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Sun Life Financial Tower & Harbour Plaza Residences 
90 Harbour St, Toronto
Developer: Menkes Developments, HOOPP


Sun Life Financial Tower & Harbour Plaza Residences | 237m | 67s | Menkes | Sweeny &Co

modernizt

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The coloured LED's thing is starting to get tacky and overdone. When everyone is doing it just for the sake of doing it, it loses its effect. Just some classy white uplighting of the crown would be my preference.
 

greenleaf

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The coloured LED's thing is starting to get tacky and overdone. When everyone is doing it just for the sake of doing it, it loses its effect. Just some classy white uplighting of the crown would be my preference.
Gotta disagree with you. I feel like a Toronto needs to loosen up and bring on more LEDs. I like architecture for its distinct eras and right now we are moving towards or are in one with LEDs for better or worse. I suppose you see the worse.

I think white uplighting works if there is some colour or texture to highlight. Glass, which it appears this building has at the top, has neither colour or texture so no reason to highlight banality.
 

modernizt

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I think white uplighting works if there is some colour or texture to highlight. Glass, which it appears this building has at the top, has neither colour or texture so no reason to highlight banality.
And coloured light (amidst a sea of competing colours from other buildings) somehow mitigates banality?

For the record, I'm not opposed to LED lighting. But I think it's best on projects where it is part of the architectural intent or makes sense, not as an afterthought or "just because". I would even argue that if it's only being done to cover up banality, that's a poor usage, and should be used in cases where there is an architectural feature to highlight (i.e. Ice, CASA, mech. rooms on CityPlace towers from earlier phases.)

I don't follow your logic that it makes sense to light up "banality" so long as the colour used isn't white.
 

interchange42

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Banality, in the darkness of night, pretty much disappears. Colouring a crown with light adds something to the night skyline whether the crown is plain or not. If everything could be as dynamic up top as Ïce, then great, but barring that, I'm happy to have the colour.

In this particular situation, Adam Feldmann of architectsAlliance told me that the top was designed in a restrained fashion because the balconies on the towers are so dynamic: the tops act as a visual rest. At night though, you're not going to see much of the balconies, and instead you get a coloured crown.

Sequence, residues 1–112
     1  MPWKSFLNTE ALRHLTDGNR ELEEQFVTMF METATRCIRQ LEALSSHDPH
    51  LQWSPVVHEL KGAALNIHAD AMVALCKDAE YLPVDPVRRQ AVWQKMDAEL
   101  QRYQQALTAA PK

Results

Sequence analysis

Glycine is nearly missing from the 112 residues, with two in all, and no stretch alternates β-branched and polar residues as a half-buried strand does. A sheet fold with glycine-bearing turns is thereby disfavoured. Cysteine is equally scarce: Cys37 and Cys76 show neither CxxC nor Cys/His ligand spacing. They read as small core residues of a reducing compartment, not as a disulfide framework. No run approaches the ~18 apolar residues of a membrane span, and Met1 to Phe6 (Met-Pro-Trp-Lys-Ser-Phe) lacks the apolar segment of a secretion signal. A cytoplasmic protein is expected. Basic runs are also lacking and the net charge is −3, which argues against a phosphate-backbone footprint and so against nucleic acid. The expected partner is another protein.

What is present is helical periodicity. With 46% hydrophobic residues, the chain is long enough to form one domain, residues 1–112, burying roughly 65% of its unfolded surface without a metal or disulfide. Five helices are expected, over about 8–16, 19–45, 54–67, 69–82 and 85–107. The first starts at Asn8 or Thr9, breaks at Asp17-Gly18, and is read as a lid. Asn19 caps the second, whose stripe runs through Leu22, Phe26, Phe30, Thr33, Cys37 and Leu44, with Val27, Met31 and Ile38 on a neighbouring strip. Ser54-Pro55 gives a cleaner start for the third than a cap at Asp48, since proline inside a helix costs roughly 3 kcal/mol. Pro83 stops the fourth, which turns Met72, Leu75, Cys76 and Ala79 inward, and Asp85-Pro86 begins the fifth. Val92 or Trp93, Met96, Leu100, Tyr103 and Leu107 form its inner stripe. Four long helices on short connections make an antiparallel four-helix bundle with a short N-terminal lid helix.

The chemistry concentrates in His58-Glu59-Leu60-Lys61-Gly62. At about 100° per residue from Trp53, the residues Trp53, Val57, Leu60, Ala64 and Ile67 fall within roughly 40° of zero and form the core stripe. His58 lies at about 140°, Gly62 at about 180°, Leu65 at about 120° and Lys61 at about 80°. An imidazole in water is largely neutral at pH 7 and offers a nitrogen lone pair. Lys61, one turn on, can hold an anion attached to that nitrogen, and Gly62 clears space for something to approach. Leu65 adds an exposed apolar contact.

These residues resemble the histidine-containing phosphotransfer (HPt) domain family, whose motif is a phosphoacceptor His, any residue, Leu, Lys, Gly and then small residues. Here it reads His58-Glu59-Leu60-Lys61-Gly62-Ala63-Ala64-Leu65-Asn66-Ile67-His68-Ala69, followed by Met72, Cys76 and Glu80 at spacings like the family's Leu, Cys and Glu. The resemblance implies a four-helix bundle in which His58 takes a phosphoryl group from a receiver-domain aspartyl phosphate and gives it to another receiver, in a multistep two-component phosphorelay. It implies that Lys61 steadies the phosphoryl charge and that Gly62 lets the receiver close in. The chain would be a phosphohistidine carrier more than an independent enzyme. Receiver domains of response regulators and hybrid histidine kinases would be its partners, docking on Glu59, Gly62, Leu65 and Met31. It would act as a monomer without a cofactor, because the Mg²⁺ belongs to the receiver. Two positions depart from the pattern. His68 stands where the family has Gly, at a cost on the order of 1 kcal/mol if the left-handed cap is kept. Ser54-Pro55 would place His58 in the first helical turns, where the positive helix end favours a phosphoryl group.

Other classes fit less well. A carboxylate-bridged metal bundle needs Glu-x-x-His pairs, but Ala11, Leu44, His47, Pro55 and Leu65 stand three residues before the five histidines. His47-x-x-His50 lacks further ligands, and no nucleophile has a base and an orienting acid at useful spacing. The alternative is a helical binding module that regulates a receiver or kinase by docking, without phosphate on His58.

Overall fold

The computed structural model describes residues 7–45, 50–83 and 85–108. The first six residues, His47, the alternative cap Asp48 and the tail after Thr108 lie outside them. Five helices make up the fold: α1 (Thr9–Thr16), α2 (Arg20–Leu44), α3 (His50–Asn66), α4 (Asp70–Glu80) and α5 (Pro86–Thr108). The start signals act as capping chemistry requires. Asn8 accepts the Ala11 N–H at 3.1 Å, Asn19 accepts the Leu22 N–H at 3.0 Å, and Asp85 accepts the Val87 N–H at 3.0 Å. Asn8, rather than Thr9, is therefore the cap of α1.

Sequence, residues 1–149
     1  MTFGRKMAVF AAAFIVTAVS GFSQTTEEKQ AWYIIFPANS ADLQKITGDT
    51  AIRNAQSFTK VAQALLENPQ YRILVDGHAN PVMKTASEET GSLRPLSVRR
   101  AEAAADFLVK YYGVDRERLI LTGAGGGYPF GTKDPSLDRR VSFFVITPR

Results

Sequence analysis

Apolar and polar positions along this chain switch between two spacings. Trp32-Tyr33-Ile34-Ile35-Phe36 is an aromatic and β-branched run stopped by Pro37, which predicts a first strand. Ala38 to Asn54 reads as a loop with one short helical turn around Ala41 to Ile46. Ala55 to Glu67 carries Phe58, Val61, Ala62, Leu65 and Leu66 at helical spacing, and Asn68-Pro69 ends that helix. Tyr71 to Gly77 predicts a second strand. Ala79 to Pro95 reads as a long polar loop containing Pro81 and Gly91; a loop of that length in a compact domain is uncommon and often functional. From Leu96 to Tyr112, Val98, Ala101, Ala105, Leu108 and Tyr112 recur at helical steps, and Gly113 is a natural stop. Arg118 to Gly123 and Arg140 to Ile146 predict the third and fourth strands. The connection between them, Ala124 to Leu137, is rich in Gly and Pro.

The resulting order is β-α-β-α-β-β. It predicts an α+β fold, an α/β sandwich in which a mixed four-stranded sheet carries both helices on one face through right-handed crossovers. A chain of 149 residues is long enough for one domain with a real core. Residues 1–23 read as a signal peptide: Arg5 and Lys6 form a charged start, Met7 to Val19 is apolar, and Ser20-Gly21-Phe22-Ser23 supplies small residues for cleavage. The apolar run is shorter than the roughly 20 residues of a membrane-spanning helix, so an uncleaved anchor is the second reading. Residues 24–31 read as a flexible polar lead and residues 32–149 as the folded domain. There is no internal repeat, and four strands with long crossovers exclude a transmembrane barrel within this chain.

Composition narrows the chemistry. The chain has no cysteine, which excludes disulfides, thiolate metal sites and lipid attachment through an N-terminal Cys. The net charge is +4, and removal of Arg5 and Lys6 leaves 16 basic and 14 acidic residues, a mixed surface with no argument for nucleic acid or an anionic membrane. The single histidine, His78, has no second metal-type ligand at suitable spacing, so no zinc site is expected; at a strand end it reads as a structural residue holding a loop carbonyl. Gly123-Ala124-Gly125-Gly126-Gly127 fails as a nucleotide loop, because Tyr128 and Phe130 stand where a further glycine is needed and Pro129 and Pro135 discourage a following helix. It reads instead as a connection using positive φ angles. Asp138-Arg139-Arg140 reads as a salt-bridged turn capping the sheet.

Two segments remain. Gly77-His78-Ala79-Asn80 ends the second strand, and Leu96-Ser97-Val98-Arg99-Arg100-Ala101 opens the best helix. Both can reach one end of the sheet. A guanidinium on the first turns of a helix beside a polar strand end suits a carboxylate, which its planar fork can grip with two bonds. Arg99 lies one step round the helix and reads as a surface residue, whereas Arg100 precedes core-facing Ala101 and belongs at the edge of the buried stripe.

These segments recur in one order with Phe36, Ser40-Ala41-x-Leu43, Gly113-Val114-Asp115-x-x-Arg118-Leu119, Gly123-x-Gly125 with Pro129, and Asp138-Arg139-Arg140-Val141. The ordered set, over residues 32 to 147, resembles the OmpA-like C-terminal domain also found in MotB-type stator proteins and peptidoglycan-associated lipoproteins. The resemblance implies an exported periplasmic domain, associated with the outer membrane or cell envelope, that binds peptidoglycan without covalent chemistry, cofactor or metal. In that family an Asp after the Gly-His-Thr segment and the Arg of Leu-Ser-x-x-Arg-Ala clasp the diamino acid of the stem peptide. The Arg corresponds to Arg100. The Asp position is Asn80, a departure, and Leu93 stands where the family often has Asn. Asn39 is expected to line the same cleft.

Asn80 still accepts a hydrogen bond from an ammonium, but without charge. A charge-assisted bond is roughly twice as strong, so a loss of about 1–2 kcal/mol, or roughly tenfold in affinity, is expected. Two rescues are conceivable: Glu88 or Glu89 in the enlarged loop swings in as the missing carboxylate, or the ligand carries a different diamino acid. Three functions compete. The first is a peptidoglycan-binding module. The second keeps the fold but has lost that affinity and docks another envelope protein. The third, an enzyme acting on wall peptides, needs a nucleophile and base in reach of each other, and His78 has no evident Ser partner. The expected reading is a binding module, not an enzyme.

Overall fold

42
 

Logan

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modernizt

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What's not to love about lighting? It not only animates the night sky but adds a level of dynamism to the skyline.
You'll note that I never said I don't like lighting. My issue is that at this rate, in a few years it will just be a clusterfuck of competing motifs instead of an occasional point of visual interest. Clearly many here disagree with me, but please do not misstate what I was arguing.
 

67Cup

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What's not to love about lighting? It not only animates the night sky but adds a level of dynamism to the skyline.
Since you asked.... the answer to your question is Light Pollution. You can look it up. Here's a preliminary link. https://en.m.wikipedia.org/wiki/Light_pollution

You obviously love lighting but folks should be aware that much of what is radiated from our cities is both wasteful and possibly dangerous.
 

67Cup

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Now there's a carefully thought through answer. You know, there might just be a middle ground between Pyongyang and the 24 hours of garish light of some of our cities. We might be able to find a reasonable and attractive space between the poles, if we actually thought about the issue a bit.
 

steveve

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The coloured LED's thing is starting to get tacky and overdone. When everyone is doing it just for the sake of doing it, it loses its effect. Just some classy white uplighting of the crown would be my preference.
Personally, I like the lights, and find as a whole, any lighting is better than no lighting. That being said, I get exactly what you mean when you say that it is becoming repetitive. The lighting features on recent condos (aside from outsiders like Aura and Trump) are quite similar, restricted to lighting mostly mechanical boxes with LED's to the same overall effect. Perhaps what you're getting at is a desire for a different type of lighting scheme, namely what many skyscrapers in Dubai or Asia look like in the evening, with extravagant neon pattering, often embedded in their entire facades, with more visual interest. While I think Toronto, and other North American/European cities suit a more modest and less flashy night skyline, I think it would be a cool experiment to see a building of that nature done well here... maybe around Yonge-Dundas square where bright lighting would less intrusive (although apparantly Aura's lighting is already offensive).